But the worst part is that I learned that the title is because the main character is named "Black". That's just awful.
Mother Russia Bleeds
I was beginning to think I wouldn't see any significant carnage at E3 before I came across Mother Russia Bleeds. Thank goodness it had enough to make up for the rest.
You play one of four Russians who've been exposed to some kind of new drug by the Russian mafia. It's not really clear if it's intentional or not, but said drug makes you strong enough to rip off a man's head like a dandelion. Also you hallucinate, but considering that everyone else exposed to it is horribly mutated, that seems like a small price to pay.
On the surface, the game is a solid side-scrolling brawler akin to Streets of Rage. The thing that makes it stand out, though, is the drug gimmick: each player has a syringe full of some sinister green drug that they can use either to heal, or unleash a berserker rage. Once you've depleted your syringe, the only way to get more is to beat your enemies until they full down convulsing, stab them with the syringe, and hope you can keep everyone else away while you draw the life/death-giving juice out of them. Seems simple enough, but you'll have to alternate between beating your enemies to death, and beating them almost to death so you can juice them. Alternatively, you can try to focus on killing the shit out of everything really well so that you won't ever need to heal. Potentially possible, but enemies are not shy and even lowly drug zombies can hit surprisingly hard.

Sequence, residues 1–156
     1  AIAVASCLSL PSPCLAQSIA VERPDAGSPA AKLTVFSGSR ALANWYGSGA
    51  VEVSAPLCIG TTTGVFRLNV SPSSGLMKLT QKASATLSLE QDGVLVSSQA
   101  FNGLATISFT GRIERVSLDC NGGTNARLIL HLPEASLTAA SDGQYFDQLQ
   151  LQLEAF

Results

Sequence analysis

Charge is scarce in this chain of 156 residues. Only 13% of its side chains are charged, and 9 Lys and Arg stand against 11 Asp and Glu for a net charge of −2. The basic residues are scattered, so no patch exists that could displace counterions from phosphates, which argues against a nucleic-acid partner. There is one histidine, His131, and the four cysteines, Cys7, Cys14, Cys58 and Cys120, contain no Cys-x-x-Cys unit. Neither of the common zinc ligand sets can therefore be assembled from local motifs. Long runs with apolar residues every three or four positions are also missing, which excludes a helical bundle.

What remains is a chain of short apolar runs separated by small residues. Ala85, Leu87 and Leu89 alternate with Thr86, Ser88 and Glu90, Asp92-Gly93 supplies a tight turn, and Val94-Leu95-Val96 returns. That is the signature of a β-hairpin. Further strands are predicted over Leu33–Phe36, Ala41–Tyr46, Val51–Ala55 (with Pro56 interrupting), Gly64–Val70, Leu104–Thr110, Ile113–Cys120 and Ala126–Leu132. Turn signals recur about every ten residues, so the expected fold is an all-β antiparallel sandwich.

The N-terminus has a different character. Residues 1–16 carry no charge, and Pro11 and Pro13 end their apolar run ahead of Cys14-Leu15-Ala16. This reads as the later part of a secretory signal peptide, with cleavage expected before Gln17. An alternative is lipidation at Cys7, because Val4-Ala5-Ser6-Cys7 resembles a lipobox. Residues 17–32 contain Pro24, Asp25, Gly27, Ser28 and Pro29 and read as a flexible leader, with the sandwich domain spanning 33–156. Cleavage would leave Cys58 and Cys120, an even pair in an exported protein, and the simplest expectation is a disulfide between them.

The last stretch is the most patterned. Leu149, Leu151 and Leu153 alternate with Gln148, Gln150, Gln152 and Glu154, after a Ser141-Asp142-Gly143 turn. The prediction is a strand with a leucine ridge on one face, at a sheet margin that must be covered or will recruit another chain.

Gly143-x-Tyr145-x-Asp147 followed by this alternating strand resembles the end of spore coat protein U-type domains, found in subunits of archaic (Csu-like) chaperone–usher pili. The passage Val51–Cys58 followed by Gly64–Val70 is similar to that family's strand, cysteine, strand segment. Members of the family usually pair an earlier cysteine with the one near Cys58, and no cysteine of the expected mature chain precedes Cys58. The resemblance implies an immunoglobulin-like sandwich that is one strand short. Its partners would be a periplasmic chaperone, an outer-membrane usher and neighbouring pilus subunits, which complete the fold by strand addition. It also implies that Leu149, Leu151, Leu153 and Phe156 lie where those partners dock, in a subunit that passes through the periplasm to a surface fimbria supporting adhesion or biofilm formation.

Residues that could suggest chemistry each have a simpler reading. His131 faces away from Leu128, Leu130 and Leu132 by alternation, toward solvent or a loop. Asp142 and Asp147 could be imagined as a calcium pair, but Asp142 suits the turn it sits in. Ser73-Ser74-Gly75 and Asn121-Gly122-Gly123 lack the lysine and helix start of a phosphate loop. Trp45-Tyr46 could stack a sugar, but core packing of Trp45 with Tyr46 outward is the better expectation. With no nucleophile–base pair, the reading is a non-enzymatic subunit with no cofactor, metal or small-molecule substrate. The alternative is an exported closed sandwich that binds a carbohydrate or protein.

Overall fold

And the gore is just incredible. The jagged edges of those red pixels seems to make the exploding corpses and brain smatterings even more gruesome. Definitely looking forward to really diving into this one and working out the pummel/syringe mechanics down to a science.
Masquerada: Songs and Shadows
The Playstation pavilion featured another new Kickstarter-funded title: Masquerada. This one's a isometric RPG that takes place in a cartoony Venetian city where most everyone wears masks that denote social standing, and also grant magical powers. Mask-based intrigue arises and it falls on our bemasked heroes to sort it out.
Combat alternates between real-time and pausing to really coordinate things in case you don't trust your AI companion to figure things out on his own. Thankfully, I didn't need to do any of that because it was an early demo.